“He was paying quite a bit in tax.
So, we looked at it—in our proposal process—and I told him, ‘You could make this aggregation election and treat them all the same and you save $13,000.’”
The long-term benefits of a true tax prep pro
While the immediate benefits of upgrading your tax services are exciting, the same move saves you money in the long term, too. How? Most notably, by caring about and tracking basis.
Basis is—in the simplest terms—what something is worth at any given time. It’s your “skin in the game.” A cumulative measure of basis can help you save substantial tax dollars in many common scenarios (like buying or selling property or claiming damage for insurance).
Consider the story of the Oklahoma couple whose property sustained tornado damage. The loss should have been tax-deductible, but the IRS claimed that the taxpayers hadn’t accurately valued the property’s new (now diminished) value. Thankfully, the tax court disagreed with the IRS—a huge relief to the couple. However, sadly, the couple couldn’t prove their basis in the property, which meant they could not deduct the damages after all.
A good tax accountant will help you track basis, so you’re always poised to prove your skin in the game.
5. Protect yourself from audits and penalties
The best financial offense really is a good tax defense. So, strategize to keep the money you earned by avoiding investigations and fees.
Implementing the first four tax strategies above is a good start:
- • A clean, accurate ledger ensures your tax prep helper is equipped with the reliable data they need.
- • Knowing tax rates lets you plan for future tax policy changes, large or small.
- • Using the best business structure helps you use the tax code to your advantage, ultimately serving your own business goals.
- • Having an expert tax preparer saves you tax money by catching deductions and tracking long-term vitals like basis.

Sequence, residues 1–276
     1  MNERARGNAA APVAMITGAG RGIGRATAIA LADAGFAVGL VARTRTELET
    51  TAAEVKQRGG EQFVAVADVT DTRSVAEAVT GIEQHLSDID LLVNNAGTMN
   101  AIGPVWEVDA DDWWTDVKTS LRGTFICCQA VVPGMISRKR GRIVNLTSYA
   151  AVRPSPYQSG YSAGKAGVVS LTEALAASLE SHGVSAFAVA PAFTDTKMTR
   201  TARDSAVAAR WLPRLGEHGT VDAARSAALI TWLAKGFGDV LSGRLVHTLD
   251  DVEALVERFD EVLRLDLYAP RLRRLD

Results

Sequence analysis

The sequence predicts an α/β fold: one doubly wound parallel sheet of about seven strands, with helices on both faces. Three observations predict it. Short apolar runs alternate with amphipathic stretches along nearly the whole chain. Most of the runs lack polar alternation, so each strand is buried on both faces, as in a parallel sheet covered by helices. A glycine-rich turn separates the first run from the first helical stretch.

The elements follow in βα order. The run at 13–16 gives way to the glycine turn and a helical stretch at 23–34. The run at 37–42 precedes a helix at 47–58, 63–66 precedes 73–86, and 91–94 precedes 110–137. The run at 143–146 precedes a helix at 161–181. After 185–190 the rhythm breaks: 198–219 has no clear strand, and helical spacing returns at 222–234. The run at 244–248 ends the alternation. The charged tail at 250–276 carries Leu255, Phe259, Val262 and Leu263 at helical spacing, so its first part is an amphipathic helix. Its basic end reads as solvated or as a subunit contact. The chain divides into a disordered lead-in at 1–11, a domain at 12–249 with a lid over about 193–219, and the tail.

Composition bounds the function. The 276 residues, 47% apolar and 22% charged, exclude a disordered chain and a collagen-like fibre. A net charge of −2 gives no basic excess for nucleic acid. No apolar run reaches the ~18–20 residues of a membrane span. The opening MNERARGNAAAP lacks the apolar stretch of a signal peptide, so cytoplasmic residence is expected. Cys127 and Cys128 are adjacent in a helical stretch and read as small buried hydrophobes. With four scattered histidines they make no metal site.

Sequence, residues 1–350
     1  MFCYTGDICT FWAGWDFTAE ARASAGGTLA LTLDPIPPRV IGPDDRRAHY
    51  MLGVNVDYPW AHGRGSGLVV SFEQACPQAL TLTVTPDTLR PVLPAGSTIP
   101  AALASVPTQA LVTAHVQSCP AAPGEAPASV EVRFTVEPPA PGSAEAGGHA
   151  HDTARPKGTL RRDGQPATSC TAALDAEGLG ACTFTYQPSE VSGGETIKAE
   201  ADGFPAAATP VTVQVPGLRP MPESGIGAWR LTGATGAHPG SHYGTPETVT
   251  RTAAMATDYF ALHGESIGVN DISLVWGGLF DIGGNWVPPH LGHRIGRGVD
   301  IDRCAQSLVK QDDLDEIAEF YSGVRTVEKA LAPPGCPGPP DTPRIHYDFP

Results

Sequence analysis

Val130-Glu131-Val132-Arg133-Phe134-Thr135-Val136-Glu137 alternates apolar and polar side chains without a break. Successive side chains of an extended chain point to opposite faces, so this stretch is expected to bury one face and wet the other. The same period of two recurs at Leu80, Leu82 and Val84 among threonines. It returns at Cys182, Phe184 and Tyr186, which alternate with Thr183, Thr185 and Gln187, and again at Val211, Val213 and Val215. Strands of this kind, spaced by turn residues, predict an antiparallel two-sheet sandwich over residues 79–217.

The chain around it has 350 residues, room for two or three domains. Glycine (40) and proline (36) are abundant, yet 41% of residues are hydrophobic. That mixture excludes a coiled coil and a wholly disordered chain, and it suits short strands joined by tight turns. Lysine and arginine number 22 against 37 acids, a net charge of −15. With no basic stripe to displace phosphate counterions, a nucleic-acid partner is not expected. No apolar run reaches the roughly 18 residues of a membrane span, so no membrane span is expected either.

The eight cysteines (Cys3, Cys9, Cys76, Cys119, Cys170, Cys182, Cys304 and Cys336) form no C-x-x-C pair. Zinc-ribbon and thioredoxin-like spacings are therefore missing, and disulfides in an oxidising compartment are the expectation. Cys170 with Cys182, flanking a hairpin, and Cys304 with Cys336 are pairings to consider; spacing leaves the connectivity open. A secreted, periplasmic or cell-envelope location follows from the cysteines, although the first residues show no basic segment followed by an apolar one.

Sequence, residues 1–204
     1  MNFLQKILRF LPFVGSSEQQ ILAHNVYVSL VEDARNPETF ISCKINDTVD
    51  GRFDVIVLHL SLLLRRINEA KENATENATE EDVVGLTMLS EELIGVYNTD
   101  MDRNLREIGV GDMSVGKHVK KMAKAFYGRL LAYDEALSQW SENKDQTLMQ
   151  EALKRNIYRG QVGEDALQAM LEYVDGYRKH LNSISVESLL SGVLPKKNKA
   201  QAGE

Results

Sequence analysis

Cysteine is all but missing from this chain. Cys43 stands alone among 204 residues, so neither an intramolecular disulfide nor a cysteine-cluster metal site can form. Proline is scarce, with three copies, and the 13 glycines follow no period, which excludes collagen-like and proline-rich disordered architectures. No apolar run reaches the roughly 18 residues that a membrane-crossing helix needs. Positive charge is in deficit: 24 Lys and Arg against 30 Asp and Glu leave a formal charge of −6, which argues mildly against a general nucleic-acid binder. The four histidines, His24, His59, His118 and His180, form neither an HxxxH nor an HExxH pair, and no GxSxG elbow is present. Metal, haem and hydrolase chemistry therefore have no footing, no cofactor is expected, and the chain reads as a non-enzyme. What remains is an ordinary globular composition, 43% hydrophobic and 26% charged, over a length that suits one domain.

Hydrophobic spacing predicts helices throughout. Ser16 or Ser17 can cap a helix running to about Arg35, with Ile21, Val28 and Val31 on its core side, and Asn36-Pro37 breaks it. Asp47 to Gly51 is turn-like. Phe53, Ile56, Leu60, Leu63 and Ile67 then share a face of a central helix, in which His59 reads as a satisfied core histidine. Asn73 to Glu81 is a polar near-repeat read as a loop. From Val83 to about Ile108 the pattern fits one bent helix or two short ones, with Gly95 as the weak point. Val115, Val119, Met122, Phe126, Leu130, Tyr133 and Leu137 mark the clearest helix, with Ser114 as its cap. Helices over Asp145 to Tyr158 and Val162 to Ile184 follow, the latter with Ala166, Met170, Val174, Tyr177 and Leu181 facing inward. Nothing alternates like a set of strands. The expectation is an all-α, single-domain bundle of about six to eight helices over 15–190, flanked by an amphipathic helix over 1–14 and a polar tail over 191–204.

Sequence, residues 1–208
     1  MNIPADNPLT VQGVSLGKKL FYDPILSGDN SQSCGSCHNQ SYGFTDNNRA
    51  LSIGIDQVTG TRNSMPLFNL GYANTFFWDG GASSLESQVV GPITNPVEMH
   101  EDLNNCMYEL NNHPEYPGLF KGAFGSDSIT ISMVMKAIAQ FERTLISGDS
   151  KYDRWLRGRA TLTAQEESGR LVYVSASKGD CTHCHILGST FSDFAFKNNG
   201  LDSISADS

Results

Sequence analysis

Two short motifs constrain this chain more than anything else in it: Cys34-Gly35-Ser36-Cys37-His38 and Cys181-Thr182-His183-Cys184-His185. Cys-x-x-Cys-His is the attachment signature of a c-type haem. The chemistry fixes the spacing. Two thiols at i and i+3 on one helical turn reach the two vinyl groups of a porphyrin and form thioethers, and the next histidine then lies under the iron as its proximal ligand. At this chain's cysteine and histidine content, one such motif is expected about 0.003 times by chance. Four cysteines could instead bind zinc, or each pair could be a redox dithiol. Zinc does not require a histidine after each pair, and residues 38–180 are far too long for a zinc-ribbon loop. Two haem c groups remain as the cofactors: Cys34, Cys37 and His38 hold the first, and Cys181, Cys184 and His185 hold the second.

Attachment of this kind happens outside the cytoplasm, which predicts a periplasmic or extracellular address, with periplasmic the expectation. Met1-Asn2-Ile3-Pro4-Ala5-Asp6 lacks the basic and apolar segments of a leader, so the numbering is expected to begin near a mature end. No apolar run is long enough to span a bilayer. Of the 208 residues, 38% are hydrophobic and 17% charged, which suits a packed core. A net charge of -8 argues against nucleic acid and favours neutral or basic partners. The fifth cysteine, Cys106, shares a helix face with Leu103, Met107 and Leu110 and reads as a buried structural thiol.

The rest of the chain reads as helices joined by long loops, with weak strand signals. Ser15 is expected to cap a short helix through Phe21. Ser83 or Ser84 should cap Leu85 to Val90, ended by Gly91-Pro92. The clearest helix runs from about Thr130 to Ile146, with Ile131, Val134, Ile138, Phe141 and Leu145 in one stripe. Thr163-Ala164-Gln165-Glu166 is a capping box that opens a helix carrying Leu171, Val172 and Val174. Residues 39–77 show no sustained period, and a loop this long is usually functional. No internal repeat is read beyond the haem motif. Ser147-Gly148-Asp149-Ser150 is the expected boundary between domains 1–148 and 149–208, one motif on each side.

The next best way to sidestep audits and fees is to know and avoid the most common small business tax filing errors:
Source: Tax Policy Center
The tax experts at Bloomberg say math errors are only the beginning, and add to the list of cringe-worthy mistakes to avoid.
5 Most Common Small Business Tax Filing Errors
- • Filing on the wrong date (if the tax deadline is on a weekend or federal holiday, this is an easy one to make)
- • Allowing typos or outdated info to slip in
- • Accidentally omitting interest and dividends
- • Putting the right data...in the wrong place
- • Attaching forms in the wrong order
Many business owners read these tips and rest assured knowing that their accountant will handle these tasks. But remember, they’re human, too. So, don’t give your figures and books to your tax accountant at the last minute. Give them time to devote to the high-quality work you expect.
Finally, to reduce your risk of investigation and penalties, use technology—but do so carefully. Either spend time getting to know a bookkeeping software before implementing it, or ideally, hire an expert who’s proficient in both accounting and accounting’s new tools.
To reduce the chances of being audited and incurring fees even further, read our blog titled “13 Red Flags That Will Get Your Small Business Audited.”
6. Create quarterly tax strategies with an advisor